In classic Greek and Roman mythology, it was always the strongest and smartest who reached God and the divine. Bellephron and Achilles and Odysseus and Perseus: they were rippling with muscles or huge brains or special powers.

But Scripture, in a complete reversal of human values and stereotypical strength, shows that God pursues maybe the weakest individual in the entire town of that day: Mary Magdalene, a mentally unstable woman. The one who others were writing off as a nobody, an outsider, an outcast.

If this story were told in another Epic Myth – The two-ton stone would still be rolled over the grave, and God would say: “Move the stone and you will have access to me. Show me your strength.” And maybe a special “Chosen One” could roll the stone from the grave.

Yet Mary Magdalene shows up and the stone is already removed. Which means, in a literal and metaphorical sense, that grace rolled the stone away. God had already done the work to reach His people, to reach the weakest person.

We don’t need to move the stone to find God, but God moved the stone to find us. This is the Essential Heart of God and the Gospel.
—  J.S. from this message

- The Gospel In Two and a Half Minutes - 

What is the Gospel? What is the story of humanity? Where is all this going?
The entire Bible in two and a half minutes. And a different way to see the Gospel of the Bible.

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– J.S.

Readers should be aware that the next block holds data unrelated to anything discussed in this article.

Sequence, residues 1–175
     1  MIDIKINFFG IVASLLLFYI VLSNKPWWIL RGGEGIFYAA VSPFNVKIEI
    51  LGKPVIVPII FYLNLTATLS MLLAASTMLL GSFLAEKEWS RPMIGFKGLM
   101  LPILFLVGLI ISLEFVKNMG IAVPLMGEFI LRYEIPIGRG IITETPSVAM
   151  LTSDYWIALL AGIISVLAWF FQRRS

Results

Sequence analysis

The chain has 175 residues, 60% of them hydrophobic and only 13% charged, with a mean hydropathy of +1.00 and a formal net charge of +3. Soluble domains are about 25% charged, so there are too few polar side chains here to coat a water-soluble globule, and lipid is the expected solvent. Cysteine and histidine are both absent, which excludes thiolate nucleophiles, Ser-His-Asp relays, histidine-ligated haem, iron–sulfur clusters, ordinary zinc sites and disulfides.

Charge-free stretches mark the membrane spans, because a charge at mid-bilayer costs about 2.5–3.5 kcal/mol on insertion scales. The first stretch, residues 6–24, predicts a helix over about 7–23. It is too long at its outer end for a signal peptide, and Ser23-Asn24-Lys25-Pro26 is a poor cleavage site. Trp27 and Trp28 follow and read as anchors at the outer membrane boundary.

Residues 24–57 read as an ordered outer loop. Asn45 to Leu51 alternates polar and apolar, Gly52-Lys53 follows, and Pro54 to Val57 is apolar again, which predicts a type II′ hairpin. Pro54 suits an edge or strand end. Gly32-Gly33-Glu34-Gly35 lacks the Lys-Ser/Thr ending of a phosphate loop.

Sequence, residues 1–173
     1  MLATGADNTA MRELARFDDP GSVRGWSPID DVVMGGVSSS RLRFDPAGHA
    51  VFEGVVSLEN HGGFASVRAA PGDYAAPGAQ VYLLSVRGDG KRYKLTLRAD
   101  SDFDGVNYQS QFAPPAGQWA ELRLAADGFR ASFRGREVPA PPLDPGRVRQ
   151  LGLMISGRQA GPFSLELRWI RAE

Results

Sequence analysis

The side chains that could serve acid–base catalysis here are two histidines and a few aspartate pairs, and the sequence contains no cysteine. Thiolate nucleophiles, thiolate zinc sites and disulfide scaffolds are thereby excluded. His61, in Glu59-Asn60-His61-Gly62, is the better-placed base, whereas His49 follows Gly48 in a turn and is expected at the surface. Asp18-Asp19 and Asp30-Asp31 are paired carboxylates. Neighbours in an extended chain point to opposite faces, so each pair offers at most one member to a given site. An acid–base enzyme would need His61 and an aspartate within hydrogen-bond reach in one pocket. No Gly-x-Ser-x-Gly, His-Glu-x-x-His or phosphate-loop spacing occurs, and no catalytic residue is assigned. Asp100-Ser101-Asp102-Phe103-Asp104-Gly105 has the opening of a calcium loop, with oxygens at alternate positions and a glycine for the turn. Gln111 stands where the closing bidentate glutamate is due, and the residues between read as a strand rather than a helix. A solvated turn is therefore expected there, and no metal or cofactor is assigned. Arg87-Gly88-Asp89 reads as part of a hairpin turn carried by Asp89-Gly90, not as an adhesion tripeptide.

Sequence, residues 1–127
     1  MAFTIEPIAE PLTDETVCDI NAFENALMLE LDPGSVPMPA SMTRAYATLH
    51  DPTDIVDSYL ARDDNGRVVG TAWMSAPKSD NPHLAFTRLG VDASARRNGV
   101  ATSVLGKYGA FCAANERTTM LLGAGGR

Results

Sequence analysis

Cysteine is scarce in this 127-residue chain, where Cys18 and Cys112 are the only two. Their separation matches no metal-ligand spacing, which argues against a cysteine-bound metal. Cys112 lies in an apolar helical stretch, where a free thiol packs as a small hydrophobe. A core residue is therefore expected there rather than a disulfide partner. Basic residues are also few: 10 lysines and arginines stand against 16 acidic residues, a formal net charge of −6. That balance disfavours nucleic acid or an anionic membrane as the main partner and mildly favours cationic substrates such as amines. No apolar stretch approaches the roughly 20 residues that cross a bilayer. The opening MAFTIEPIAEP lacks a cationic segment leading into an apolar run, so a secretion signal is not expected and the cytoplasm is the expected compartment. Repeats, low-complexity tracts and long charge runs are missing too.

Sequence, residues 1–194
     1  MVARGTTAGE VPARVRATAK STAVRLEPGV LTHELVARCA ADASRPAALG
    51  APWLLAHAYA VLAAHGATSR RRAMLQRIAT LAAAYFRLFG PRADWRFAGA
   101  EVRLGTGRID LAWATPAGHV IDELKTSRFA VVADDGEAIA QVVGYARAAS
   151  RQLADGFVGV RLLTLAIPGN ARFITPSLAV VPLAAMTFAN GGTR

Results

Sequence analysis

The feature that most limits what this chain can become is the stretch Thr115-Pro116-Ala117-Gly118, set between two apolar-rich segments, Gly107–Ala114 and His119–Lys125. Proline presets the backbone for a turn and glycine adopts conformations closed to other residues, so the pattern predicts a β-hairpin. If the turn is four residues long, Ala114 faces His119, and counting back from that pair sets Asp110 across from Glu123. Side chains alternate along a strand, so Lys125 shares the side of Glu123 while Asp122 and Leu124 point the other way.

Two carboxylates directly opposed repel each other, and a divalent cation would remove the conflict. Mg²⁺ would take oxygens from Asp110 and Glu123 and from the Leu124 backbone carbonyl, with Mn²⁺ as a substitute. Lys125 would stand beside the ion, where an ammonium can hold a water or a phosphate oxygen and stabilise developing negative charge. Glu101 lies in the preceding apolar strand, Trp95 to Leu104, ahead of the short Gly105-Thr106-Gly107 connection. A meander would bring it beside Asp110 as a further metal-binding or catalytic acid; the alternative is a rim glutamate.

[Thank you to Steven Hause of pudgyproductions]

Friendly reminder that it is okay to change your opinion on religious doctrine without forsaking your faith.

It is okay to let go of past beliefs or incorporate new practices into your spiritual life as you grow, learn, and mature as a human being.

It is okay to piece your faith together with ideas from different denominations or sects so long as they sit right with your soul.

Angry scared grown-ups who tell you you’re on a “slippery slope” to liberalism or secularism or false ideas have no power over you. If you are attentive enough to shift your religious ideas as you discover new truths, you are attentive enough to know which of the old truths are essential and valuable.

The Greek word for “encouragement” in the New Testament means to “come alongside” or to engage. It’s two words smushed together. The single form of the word means you say something nice from far off, like “good luck.” But with the addition of the extra word, it means to draw in and fight together. The word had a military connotation, because when a Roman unit of soldiers lost morale, the commander would “come alongside” the soldiers and inspire them. In the same way, the Holy Spirit is called the “Encourager,” and He comes alongside us to fight this fight together. He is not far off but with us in the fray, the commander come down to reside in our soldier hearts.
—  J.S.